The second most common use for the apostrophe is to show possession-who or what owns something or other. Possession may seem clear cut until the apostrophe enters the scene. Many a writer has been dropped in their tracks by this little grammatical mark. Breaking down the differences between singular noun and plural noun possession can make the apostrophe's use easier to understand. Examples of a singular noun possession could be: Joe's house (the house of Joe), Mildred's restaurant (the restaurant of Mildred), or Sally's kids (yes, those noisy ankle-biters belong to Sally). The use of the apostrophe seems straight forward when dealing with a single owner. Add the apostrophe and an "S" and the singular possession is complete. What happens, however, when that same singular noun, which holds possession, ends in the letter "S"? When Jess owns the house, where does the curly mark go and is another "S" added or not? "Jess's house" is the proper punctuation for this sentence. Tuck the apostrophe behind the last letter of the noun, and then add an "S" to complete the formation for possession.
This leads to the last category for possession: handling of plural nouns. When dealing with plural nouns, which hold possession, such as, "Children, Men, Women", where does the apostrophe land? Utilize the same rule of adding an apostrophe behind the last letter of the noun, then add an "S" and consider it a job well done. The result will be: children's books, men's ties, women's shelter. For one final twist on plural possession, consider any plural noun that ends in a "S", and there are plenty for consideration, such as, Senior Students Dance, Dogs Play Area, Members Lodge, Legislators Study Group. Not to confuse the issue or leave anyone out, ask one clarifying question: Is it one student or many students attending the dance? One dog or many dogs allowed to play? One member or many allowed in the lodge? And finally, one can hope that all legislators would find time to study. If the answer is more than one of anything showing possession, and that plural noun ends in "S", then slap the apostrophe behind the last "S" and stop. The resulting punctuation becomes: "Senior Students' Dance", "Dogs' Play Area", "Members' Lodge" and "Legislators' Study Group."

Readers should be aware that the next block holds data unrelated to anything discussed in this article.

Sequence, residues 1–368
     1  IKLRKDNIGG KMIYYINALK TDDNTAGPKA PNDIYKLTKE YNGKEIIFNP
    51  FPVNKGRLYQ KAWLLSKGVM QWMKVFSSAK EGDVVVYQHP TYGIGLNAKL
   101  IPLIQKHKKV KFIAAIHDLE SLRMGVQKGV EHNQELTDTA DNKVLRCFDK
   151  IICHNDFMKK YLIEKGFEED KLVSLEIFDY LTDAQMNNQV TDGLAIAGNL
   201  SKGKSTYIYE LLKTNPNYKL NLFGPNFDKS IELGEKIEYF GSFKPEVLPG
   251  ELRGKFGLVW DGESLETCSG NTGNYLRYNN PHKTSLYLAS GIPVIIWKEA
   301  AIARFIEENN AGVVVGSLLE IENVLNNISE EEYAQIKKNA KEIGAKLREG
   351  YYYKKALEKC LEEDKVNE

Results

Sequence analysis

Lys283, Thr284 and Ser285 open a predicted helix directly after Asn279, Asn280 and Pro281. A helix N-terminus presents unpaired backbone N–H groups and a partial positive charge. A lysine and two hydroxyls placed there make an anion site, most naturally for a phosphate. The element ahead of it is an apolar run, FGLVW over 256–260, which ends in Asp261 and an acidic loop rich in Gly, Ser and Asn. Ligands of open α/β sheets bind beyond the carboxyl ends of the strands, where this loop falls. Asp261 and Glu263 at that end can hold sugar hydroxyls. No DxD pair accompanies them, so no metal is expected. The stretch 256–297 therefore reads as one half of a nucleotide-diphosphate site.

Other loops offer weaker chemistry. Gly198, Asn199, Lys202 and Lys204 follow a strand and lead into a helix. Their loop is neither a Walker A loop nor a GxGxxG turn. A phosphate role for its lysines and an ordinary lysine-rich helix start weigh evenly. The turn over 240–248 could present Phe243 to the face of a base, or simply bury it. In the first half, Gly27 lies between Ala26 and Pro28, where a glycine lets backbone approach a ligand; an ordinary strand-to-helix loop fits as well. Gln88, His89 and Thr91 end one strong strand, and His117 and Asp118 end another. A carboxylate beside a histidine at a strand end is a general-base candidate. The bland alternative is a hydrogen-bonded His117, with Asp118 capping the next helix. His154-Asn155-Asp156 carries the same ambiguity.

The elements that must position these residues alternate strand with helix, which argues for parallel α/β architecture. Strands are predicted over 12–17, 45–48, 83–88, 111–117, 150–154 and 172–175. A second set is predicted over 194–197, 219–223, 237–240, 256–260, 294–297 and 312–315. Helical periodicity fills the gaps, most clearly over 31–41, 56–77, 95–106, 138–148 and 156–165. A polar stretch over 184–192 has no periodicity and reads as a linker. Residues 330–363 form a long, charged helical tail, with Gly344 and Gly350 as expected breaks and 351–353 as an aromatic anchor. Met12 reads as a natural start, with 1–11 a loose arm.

For writers who are actively engaged in perfecting the written word, consider the importance of the apostrophe and its correct usage. A simple Google request on the curly mark and over three million hits return. For such a tiny punctuation mark, the world clambers for an easy and accurate way to put the apostrophe to work. Consider two of the apostrophe's basic uses in omission and possession and any writer is well on the way to perfecting punctuation.
Sandra Ferguson - Author of HARM'S WAY, a Wild Rose Press romantic suspense release. Catch up on all my latest news at: http://www.lone-star-meanderings.blogspot.com
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Freelance writer and published author of Harm's Way provides writing and grammar tips, along with Texas trivia, history and must-see landmarks, where to go and what to do when visiting the Lone Star state, and general sanity tips for parents of teens.